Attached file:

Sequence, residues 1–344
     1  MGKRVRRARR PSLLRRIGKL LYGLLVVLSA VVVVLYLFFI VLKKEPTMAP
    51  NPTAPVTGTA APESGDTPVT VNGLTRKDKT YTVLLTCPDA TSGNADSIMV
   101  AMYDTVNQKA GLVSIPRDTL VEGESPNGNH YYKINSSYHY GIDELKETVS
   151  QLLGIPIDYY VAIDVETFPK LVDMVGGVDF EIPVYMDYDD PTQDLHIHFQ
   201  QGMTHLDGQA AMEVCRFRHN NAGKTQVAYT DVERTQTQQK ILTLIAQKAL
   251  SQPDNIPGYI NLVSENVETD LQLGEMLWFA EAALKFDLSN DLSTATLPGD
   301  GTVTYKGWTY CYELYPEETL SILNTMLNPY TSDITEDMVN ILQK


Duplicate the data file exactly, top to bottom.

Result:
Sequence, residues 1–344
     1  MGKRVRRARR PSLLRRIGKL LYGLLVVLSA VVVVLYLFFI VLKKEPTMAP
    51  NPTAPVTGTA APESGDTPVT VNGLTRKDKT YTVLLTCPDA TSGNADSIMV
   101  AMYDTVNQKA GLVSIPRDTL VEGESPNGNH YYKINSSYHY GIDELKETVS
   151  QLLGIPIDYY VAIDVETFPK LVDMVGGVDF EIPVYMDYDD PTQDLHIHFQ
   201  QGMTHLDGQA AMEVCRFRHN NAGKTQVAYT DVERTQTQQK ILTLIAQKAL
   251  SQPDNIPGYI NLVSENVETD LQLGEMLWFA EAALKFDLSN DLSTATLPGD
   301  GTVTYKGWTY CYELYPEETL SILNTMLNPY TSDITEDMVN ILQK